Revenue sharing will play key role in settlement

NEW YORK -- Shaun Alexander is back with Seattle, LaVar Arrington is on the market and Kerry Collins is in limbo.

So are many other players who must await the outcome of the owners meetings in Dallas before they know where they will be when free agency finally starts.

There was no deal following the latest round of "it's done, it's not done" reports Sunday. On Monday, it was clear the decision would come down to whether the owners would accept a revised revenue sharing, an issue for which they've been squabbling among themselves for more than two years.

The NFL will submit the union's latest request for about 60 percent of total revenues to the 32 owners and let them decide whether they will accept it, extending the agreement which runs out after the 2007 season.

The Washington Post cited league sources in reporting in its Tuesday editions that commissioner Paul Tagliabue would endorse the proposed labor settlement, but a league spokesman denied to the newspaper that this would happen at the meetings, which are scheduled to begin Tuesday afternoon (3 p.m. ET) and could extend into Wednesday.

Gene Upshaw, the president of the NFL Players Association, told the Post he thinks the commissioner favors a settlement.

"Everyone wants to know if he's going to endorse it," the newspaper quoted Upshaw as saying. "My main issue is that he presents it. He doesn't get a vote. The owners have the votes. [But] if he didn't support it, you wouldn't think he'd be presenting it."

If there is no agreement, the future is unclear. What is clear is that the 2007 season would go on without a salary cap, with wild spending by some teams and little spending by others.

Dallas owner Jerry Jones, who has been opposed to revenue sharing, reiterated that Monday.

"I'm not happy with the proposal. I didn't think that we would be entertaining the kinds of propositions that we got from the players. I'm not happy with it at all," he said. "As you well know, I don't think anyone particularly cares how happy I am."

Upshaw has contended all along that the revenue-sharing dispute among the owners must be solved first. And Buffalo defensive back Troy Vincent, the NFLPA's president, said: "I don't know how we can get an agreement unless we deal with the entire picture."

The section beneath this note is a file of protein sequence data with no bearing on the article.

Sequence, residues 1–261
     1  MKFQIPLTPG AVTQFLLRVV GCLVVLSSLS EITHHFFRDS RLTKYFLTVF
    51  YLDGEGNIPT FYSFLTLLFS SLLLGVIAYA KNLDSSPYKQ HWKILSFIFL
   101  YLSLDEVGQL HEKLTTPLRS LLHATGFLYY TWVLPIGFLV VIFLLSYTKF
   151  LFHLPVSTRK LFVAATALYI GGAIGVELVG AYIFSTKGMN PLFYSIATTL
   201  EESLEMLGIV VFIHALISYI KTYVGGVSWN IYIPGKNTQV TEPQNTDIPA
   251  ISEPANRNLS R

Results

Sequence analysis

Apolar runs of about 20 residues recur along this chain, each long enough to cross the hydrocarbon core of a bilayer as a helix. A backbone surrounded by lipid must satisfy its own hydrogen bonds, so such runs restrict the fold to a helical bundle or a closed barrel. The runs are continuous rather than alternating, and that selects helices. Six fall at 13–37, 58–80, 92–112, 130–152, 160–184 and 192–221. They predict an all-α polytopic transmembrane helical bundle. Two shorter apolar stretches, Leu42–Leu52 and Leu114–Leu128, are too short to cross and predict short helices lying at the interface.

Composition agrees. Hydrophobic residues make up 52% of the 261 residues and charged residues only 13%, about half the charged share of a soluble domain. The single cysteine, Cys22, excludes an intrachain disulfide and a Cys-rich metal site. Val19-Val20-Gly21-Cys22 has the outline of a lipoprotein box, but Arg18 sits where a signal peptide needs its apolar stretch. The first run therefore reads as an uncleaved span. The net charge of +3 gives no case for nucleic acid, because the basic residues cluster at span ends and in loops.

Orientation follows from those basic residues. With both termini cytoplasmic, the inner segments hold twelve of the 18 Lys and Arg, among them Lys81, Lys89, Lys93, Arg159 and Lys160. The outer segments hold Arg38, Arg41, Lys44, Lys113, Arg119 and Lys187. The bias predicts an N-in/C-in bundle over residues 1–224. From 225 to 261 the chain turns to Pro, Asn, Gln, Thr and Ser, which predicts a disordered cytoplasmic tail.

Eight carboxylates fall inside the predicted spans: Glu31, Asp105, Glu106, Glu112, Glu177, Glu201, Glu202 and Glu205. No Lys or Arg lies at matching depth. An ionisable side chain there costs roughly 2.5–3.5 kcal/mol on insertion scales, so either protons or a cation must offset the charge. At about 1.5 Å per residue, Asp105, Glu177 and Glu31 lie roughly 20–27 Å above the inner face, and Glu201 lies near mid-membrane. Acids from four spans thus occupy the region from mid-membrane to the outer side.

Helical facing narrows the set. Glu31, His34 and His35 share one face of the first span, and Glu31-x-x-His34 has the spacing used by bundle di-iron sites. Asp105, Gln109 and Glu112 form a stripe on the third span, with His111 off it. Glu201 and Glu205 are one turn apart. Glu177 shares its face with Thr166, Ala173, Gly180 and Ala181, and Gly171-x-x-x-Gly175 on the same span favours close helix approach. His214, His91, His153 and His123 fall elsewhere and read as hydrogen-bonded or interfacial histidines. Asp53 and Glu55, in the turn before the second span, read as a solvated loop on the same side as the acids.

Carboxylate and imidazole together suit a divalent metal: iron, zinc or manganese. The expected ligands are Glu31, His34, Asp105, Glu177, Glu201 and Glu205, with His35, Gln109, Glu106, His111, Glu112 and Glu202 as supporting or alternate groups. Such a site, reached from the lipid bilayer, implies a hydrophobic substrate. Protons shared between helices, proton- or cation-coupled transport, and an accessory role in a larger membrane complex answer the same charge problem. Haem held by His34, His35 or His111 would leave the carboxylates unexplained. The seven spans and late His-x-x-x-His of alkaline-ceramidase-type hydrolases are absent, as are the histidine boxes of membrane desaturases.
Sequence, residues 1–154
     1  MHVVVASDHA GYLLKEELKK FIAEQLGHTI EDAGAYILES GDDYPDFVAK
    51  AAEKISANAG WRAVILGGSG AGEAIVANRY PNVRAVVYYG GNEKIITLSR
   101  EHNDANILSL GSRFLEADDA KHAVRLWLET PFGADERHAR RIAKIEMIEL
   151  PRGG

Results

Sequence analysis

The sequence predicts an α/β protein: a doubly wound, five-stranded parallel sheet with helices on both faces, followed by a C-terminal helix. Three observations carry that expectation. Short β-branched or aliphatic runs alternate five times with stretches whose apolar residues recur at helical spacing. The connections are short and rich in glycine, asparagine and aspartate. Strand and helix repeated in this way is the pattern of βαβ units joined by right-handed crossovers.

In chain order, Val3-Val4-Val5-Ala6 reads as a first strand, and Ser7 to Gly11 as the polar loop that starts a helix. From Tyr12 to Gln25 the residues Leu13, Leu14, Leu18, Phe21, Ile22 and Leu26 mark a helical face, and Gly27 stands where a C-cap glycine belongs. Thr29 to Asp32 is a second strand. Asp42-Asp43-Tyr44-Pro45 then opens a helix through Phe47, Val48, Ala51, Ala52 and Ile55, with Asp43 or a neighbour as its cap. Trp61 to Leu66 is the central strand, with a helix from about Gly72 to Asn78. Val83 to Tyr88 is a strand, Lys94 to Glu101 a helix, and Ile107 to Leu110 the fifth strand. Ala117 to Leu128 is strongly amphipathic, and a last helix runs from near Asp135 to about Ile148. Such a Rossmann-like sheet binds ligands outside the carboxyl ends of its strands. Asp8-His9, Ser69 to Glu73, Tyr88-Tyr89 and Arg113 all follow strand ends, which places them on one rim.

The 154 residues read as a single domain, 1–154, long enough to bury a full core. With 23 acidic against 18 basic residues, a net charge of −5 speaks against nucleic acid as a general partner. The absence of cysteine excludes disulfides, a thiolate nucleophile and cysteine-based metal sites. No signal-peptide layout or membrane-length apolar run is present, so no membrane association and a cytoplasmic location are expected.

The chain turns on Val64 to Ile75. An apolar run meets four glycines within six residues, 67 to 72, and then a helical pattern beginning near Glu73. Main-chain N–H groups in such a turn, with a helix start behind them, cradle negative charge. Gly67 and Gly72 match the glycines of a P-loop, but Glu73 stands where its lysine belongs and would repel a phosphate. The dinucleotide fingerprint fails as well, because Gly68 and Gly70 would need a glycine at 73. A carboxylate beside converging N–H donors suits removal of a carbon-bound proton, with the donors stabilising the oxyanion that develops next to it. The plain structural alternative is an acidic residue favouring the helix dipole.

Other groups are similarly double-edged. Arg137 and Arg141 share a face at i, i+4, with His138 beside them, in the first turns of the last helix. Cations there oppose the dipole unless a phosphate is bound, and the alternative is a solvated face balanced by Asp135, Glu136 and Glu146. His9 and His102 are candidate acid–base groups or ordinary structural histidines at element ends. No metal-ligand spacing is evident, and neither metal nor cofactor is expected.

But revised revenue sharing hasn't been discussed in these negotiations until now, although it has long been a major point of contention among the owners.

"We've put together a term sheet that will be presented to the owners, and then it's up to them," Upshaw told the Post. "It's either yes or no. There's no more negotiating on either side. I'm done after this. Paul is done."

Kevin Mawae, who had been the New York Jets' player representative until he was cut Sunday, said Monday that the players had thought this is the way it would end.

"I think it's playing out exactly like we thought it would," he said. "We said as a union that in order for free agency to go off without a hitch, the owners would have to figure out how to divide up the revenue. It's not necessarily the percentage that we're asking but how they spread the wealth."

That is what the argument will be about Tuesday among the owners.

Low-revenue teams such as Buffalo, Cincinnati and Indianapolis say high-revenue teams -- Dallas, Washington and Philadelphia, for instance -- should contribute proportionately to the player pool because they can earn far more in nonfootball income such as advertising and local radio rights. Those high-revenue teams might contribute only 10 percent of their outside money compared with 50 percent or more for low-revenue teams.

If the long-term debate continues, there is unlikely to be a contract extension.

If there is no agreement, the salary cap for 2006 will be $94.5 million. If there is a deal, it could be as much as $10 million higher.

That disparity is why so many players are on the bubble right now.

On Sunday night, when it looked as if talks had broken down and the lower figure would be in effect, the Raiders released Collins to save $9.2 million in cap money. When Tagliabue, who had already extended the free agent deadline once, extended it again from Monday to Thursday, Oakland pulled back its quarterback, saying, in effect: "No, Kerry is still a Raider."

Seattle, meanwhile, did the expected and re-signed Alexander, the NFL's MVP last season, for $62 million over eight years, with $15.1 million guaranteed.

"Fair is fair," the running back said. "I know what fair is. Other teams don't decide what fair is. I think the Seahawks definitely know."

The Redskins, more than $20 million over the $94.5 million, got rid of $9 million by allowing three-time Pro Bowl linebacker LaVar Arrington to buy out is contract. That is a very unusual move in the NFL, indicating his agents, Carl and Kevin Poston, think he can get a big contract elsewhere. But that, of course, will depend on the final salary cap figure.

If the owners can reach agreement in Dallas -- both with the union and among themselves -- Arrington can get a lot of money. If not, he and many players may be working for a lot less than they think they are worth.

Information from The Associated Press was used in this report.